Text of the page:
Court of Appeal verdict: Mitchell v News Group Newspapers Ltd
Jeremy Smith writes about a case which arose from a newspaper libel incident in 2013
This is a case about how strictly should the courts enforce compliance with rules, practice directions and court orders in the light of the tougher and less forgiving approach required by the Jackson reforms introduced in April 2013.
The case arises out of the well-known ‘Plebgate’ affair involving the Conservative former Chief Whip Andrew Mitchell. He is suing the Sun newspaper for libel, but his solicitors had failed to file a cost budget in time for a case management conference, for which the sanction was for his legal costs to be limited to court fees alone. The judge had refused to allow this sanction to be lifted, with the result that even if Mr Mitchell wins his case, the Sun will not have not pay his legal fees.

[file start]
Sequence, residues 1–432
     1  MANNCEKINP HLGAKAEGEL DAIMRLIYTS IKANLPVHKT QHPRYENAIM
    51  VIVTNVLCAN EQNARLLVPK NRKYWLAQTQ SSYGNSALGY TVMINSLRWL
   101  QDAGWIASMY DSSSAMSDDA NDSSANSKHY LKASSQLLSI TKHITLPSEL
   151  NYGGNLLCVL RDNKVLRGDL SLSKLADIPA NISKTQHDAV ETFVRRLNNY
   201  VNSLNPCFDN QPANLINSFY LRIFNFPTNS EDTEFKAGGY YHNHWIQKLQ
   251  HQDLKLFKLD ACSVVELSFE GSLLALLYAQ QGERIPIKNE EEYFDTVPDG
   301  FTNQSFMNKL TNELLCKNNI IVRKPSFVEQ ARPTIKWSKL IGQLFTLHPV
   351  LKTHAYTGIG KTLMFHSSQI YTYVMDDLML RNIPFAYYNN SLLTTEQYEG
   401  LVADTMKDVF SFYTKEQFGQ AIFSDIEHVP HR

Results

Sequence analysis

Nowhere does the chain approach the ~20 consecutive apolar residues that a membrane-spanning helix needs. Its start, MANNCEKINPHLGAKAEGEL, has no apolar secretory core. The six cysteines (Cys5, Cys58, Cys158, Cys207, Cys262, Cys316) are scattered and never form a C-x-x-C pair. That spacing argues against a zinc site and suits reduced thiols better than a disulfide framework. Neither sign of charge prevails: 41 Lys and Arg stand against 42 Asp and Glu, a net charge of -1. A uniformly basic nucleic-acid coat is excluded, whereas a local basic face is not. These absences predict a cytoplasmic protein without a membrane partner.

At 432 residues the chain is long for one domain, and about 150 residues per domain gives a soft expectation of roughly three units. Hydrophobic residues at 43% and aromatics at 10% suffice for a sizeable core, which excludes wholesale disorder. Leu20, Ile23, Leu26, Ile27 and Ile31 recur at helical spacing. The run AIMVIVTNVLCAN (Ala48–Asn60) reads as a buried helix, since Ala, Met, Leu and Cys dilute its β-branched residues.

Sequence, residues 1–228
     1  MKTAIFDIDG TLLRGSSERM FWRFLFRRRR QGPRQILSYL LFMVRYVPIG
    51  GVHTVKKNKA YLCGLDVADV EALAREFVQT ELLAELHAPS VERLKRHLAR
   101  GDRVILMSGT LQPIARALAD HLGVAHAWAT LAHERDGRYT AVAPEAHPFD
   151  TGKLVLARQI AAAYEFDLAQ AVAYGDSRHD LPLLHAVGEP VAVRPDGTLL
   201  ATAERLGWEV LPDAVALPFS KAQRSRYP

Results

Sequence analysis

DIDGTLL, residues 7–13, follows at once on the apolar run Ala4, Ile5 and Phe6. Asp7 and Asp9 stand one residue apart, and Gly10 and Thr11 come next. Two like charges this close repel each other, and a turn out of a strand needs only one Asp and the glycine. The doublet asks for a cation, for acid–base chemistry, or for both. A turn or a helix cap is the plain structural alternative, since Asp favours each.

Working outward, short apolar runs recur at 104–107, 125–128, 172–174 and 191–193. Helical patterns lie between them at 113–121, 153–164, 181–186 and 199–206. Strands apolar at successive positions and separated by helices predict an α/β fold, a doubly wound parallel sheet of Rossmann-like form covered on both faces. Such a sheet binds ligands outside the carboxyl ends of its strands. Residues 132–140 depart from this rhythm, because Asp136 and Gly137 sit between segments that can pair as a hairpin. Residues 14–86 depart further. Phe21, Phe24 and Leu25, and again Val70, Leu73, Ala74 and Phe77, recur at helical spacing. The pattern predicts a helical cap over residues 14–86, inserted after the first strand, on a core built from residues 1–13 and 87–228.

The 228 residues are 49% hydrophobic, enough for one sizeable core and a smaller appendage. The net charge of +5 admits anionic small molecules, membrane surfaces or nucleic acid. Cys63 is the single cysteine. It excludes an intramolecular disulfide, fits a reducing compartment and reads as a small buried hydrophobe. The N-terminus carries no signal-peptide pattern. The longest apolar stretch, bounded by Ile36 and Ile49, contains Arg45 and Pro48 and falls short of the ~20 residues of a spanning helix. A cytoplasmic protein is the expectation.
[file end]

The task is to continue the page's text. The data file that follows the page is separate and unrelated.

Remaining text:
I am not all surprised to see that the Court of Appeal have upheld the hard line taken by the lower court. The reforms are intended to change the culture of litigation and the Court of Appeal were not prepared to allow what would have been seen as a major setback to that change, even though they accepted that the decision was harsh.
They said: “We hope that our decision will send out a clear message”. The message is loud and clear: from now on all solicitors must comply with rules, practice directions and orders or face dire consequences. We have been warned!